Analyze and Select NAICS and PSC Codes

How to discover and analyze the classification codes used most often by the federal government

NAICS in Federal Contracting

The North American Industry Classification System (NAICS) NAICS is a six-digit code used to classify businesses by type of economic activity.

NAICS codes are used to classify federal contracts and contract opportunities. They are also used as the basis for the "size standards" on a contract that determine whether a contractor will be classified as a small business for a given contract.

When registering with the Federal government in SAM, businesses can indicate what NAICS codes their business falls under. While not required to win contracts, registering with these classifications can be important to help contracting officers identify potential contractor sources. For many businesses, they can also be an effective way to search for opportunities and perform market research.

PSC in Federal Contracting

Product and Service Codes (PSC) (also sometimes referred to as Federal Supply Codes) are 4 character codes used to describe products, services, and research and development (R&D) purchased by the federal government. In contrast to NAICS, which focuses on the "who" (type of business), PSC focuses on the "what" (type of product/service).

Most contracts and contract opportunities will have a PSC code assigned. As with NAICS, contractors have the opportunity to provide PSC codes in their Federal registration, which can help them be identified by government contracting officers performing marketing research.

While PSC codes typically receive less attention than NAICS codes, they are particularly important in certain markets such as with the Defense Logistics Agency where PSC codes are embedded into many product identifiers (NSNs). For some contractors in certain product or niche service areas, they can also be a more effective way to search for opportunities or perform market research as they are generally more granular than NAICS.

NAICS and PSC are rarely used at State and Local agencies. However, HigherGov tags State and Local opportunities with NAICS and PSC codes based on their descriptions so that you can search for State and Local opportunities using these codes.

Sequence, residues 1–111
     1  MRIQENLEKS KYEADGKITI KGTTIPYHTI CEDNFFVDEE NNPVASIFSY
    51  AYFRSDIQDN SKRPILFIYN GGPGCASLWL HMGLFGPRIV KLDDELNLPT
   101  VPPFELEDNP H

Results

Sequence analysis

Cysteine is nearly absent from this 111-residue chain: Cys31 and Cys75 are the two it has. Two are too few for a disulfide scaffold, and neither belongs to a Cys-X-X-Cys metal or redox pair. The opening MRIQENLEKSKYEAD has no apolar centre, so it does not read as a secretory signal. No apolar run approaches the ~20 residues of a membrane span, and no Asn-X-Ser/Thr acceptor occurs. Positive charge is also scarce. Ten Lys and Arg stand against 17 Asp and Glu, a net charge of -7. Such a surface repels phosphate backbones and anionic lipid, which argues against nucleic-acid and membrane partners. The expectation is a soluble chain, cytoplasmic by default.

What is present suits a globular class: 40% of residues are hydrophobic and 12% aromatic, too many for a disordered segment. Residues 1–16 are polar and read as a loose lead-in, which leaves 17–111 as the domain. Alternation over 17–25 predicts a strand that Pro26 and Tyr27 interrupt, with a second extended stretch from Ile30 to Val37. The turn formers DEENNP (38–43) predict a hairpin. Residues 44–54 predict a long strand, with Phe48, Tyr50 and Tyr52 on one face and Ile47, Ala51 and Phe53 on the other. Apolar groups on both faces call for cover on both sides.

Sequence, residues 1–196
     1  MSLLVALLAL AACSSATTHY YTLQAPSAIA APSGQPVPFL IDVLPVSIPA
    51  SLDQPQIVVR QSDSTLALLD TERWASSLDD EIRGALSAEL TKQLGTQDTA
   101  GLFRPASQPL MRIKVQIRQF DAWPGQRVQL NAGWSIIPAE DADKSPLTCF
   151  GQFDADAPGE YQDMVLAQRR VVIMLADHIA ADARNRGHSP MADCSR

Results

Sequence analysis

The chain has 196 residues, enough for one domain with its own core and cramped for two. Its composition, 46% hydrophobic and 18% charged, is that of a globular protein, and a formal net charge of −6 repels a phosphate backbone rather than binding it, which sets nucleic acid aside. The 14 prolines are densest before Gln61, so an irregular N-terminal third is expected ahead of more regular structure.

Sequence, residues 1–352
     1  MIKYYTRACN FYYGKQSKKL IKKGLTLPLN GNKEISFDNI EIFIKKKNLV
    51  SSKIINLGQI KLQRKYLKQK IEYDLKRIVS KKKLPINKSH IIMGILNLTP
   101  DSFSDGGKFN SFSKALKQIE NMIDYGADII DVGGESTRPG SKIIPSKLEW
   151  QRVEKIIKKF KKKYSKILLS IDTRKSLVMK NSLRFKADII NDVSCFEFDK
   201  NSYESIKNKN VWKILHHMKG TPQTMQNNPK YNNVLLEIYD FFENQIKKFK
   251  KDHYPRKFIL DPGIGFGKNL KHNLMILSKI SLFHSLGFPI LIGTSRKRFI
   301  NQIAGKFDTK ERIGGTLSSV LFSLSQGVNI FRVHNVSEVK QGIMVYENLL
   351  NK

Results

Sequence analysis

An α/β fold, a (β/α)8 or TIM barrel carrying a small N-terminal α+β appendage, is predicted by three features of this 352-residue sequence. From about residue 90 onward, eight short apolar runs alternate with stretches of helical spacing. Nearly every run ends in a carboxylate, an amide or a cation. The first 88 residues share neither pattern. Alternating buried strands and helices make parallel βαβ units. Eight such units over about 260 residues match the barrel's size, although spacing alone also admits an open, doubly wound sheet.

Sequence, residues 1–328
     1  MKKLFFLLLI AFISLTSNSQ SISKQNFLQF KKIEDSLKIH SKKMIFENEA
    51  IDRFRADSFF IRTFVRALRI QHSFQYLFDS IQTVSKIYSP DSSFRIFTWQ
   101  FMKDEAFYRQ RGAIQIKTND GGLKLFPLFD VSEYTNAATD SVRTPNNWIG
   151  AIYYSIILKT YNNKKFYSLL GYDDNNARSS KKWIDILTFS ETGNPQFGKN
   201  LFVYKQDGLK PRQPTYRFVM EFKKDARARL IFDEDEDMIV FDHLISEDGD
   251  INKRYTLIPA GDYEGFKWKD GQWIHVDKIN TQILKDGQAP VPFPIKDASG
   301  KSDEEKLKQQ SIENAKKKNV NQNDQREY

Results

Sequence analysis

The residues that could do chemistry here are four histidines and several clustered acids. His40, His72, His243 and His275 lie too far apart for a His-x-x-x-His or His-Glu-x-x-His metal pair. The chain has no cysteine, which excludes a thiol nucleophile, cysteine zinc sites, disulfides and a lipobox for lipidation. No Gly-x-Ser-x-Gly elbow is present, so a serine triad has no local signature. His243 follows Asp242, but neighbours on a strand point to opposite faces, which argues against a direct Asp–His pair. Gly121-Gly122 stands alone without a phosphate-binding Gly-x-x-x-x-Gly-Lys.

How to Identify Your NAICS and PSC

HigherGov provides searches for both NAICS and PSC that can be used to find relevant codes. The NAICS and PSC pages will have additional detail on historical awards and contract opportunities that will help determine if a given code is appropriate.

If you have already identified either NAICS or PSC codes and are looking to identify the other code type, you can use the Crosswalk section on the identified code page to see the most common code paired with the other in federal contracts.

Analyze Competitors

If you have close competitors that are government contractors, another method of identifying NAICS and PSC codes is to look at what codes they have registered for (located in the registration section on the Awardee page) or what codes they have historically won contracts through, which can be easily analyzed on their Awardee page by going to the Federal Award Analysis section, selecting the Shares tab, and choosing the NAICS or PSC Category.

Other Tools

The Naval Research Laboratory developed an excellent tool at that can be used to find relevant PSC codes by entering products or services that you offer.

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